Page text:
And of course, the inevitable mis-playing of rules, nearly all of which were in the hunter's favor: In combat, we ignored the bold-italics text: I had no idea how they kept coming at me with the same weapons! I couldn't do anything against them! Also, as items were used up, they went right back into the items deck. My rather unscrupulous opponents would simply reshuffle when the option presented itself (as it does with a number of cards) and voila! More holy water! Another stake!

The long and the short of this is that next game, I let my MINIONS do all the hard work: No attacking myself, unless I have to; I'll just sit back and run and put vampires here and there. And in more careful places. I love the idea of taking a boat to Cagliari, dropping a vampire there, hiding (perhaps fog? I did become a fan of the fog) then setting out to sea again. Or perhaps a lovely trip to Ireland, with the same strategy in mind? Some clear thinking went into designing this board, and it shows. Great, great game.
 
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Anthony Pham
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Lord Godalming gets only one die against Dracula. He gets two only when fighting agents/minions.

You couldn't have played played the wolf card during daytime, it's only available at night.

Always save a fog for when you need to get away. Hitting a hunter with fog at the city you're in is a good way to waste that last bit of time before nightfall, and it prevents other hunters who are nearby from jumping you.
 
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Matt Price
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ROFL. Hilarious, thanks for those tips. My hunter colleagues will be humored to hear that Dracula even cheated with his powers, and they still managed to defeat him quickly and with little trouble (and I will remember that about Lord Godalming!).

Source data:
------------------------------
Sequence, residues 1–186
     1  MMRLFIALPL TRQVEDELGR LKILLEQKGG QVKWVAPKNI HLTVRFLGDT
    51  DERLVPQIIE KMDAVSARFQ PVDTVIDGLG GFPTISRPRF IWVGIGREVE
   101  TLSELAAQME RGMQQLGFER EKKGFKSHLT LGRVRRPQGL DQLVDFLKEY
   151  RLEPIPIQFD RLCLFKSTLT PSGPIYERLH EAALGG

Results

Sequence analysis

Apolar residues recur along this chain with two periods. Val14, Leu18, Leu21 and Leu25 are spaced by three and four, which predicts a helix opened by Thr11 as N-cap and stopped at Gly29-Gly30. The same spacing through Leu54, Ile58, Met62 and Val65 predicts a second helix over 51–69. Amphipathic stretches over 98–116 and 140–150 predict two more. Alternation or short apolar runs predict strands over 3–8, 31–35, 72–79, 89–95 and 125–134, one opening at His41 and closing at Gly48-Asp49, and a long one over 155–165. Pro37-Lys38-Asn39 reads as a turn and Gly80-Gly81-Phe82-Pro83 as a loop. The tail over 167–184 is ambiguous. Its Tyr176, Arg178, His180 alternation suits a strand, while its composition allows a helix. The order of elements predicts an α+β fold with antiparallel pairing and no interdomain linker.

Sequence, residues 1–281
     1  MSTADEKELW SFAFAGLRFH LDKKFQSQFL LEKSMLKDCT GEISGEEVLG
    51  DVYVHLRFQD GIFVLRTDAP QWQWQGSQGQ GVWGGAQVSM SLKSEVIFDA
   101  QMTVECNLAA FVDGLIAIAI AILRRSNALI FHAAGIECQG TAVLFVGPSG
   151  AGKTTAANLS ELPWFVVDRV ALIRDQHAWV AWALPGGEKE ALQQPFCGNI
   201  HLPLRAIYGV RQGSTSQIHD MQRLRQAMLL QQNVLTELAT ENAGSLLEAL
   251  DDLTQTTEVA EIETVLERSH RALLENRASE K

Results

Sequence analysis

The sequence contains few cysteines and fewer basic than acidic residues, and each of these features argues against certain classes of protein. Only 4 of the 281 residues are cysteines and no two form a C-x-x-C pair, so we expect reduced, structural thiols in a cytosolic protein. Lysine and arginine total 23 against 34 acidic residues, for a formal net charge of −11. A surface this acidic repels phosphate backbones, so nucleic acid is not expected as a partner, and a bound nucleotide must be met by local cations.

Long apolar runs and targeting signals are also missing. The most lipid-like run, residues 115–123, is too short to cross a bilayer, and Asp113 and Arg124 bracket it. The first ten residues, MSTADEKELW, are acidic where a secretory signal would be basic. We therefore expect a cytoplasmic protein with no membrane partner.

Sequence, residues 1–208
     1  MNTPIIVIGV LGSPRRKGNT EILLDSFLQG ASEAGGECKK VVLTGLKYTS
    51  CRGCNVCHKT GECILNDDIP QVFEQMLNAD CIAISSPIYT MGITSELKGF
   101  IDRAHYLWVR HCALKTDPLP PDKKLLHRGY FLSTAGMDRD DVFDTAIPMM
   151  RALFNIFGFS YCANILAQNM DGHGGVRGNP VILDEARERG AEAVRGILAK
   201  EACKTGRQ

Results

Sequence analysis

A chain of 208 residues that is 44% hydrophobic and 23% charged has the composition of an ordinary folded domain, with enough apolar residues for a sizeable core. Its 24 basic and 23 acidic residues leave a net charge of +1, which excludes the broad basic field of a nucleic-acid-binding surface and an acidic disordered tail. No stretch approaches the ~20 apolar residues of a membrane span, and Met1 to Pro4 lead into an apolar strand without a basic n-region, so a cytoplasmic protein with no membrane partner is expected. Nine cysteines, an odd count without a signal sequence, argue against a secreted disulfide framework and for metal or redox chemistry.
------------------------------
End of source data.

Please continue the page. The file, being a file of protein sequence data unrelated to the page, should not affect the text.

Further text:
I agree about the fog! This is definately a game where Dracula should read up on strategies before venturing out of his castle.
 
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Scott Case
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I love the idea of dropping a fog to cover your escape. However, I was under the impression that if you are in the same location as a hunter, you must attack during your action phase (rather than drop an encounter). Am I mistaken? (Entirely possible, as I have only played once and there were undoubtedly some of the usual misplayed rule situations going on).
 
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Michael Johnson
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You are correct. But movement comes before action. Where fog becomes useful is when the Hunters know where you are and possibly where you're going.

Here's the scenario: The Hunters through either movement or event find Dracula. We'll assume Dracula survives any ensuing combat. When Dracula moves again, he moves into an empty city and places a fog encounter. Any Hunter who follows Dracula is now trapped there and no Hunters can attack Dracula this round. This gives Dracula another opportunity to lose the Hunters on his next turn.